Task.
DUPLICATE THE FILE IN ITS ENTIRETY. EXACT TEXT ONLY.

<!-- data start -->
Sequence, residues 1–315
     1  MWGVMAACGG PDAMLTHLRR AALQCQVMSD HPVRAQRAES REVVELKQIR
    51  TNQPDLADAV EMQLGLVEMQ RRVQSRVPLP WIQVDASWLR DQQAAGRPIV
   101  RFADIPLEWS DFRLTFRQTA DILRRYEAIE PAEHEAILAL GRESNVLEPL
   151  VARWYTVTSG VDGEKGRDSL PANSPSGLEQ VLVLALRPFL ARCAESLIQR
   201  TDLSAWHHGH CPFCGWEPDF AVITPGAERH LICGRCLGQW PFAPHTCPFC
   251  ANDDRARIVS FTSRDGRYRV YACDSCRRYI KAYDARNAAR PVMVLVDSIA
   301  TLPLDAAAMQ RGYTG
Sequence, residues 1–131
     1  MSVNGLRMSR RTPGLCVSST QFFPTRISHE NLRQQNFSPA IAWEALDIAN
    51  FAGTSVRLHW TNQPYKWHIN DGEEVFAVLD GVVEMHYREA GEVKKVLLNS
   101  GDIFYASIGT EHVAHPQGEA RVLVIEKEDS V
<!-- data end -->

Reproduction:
Sequence, residues 1–315
     1  MWGVMAACGG PDAMLTHLRR AALQCQVMSD HPVRAQRAES REVVELKQIR
    51  TNQPDLADAV EMQLGLVEMQ RRVQSRVPLP WIQVDASWLR DQQAAGRPIV
   101  RFADIPLEWS DFRLTFRQTA DILRRYEAIE PAEHEAILAL GRESNVLEPL
   151  VARWYTVTSG VDGEKGRDSL PANSPSGLEQ VLVLALRPFL ARCAESLIQR
   201  TDLSAWHHGH CPFCGWEPDF AVITPGAERH LICGRCLGQW PFAPHTCPFC
   251  ANDDRARIVS FTSRDGRYRV YACDSCRRYI KAYDARNAAR PVMVLVDSIA
   301  TLPLDAAAMQ RGYTG
Sequence, residues 1–131
     1  MSVNGLRMSR RTPGLCVSST QFFPTRISHE NLRQQNFSPA IAWEALDIAN
    51  FAGTSVRLHW TNQPYKWHIN DGEEVFAVLD GVVEMHYREA GEVKKVLLNS
   101  GDIFYASIGT EHVAHPQGEA RVLVIEKEDS V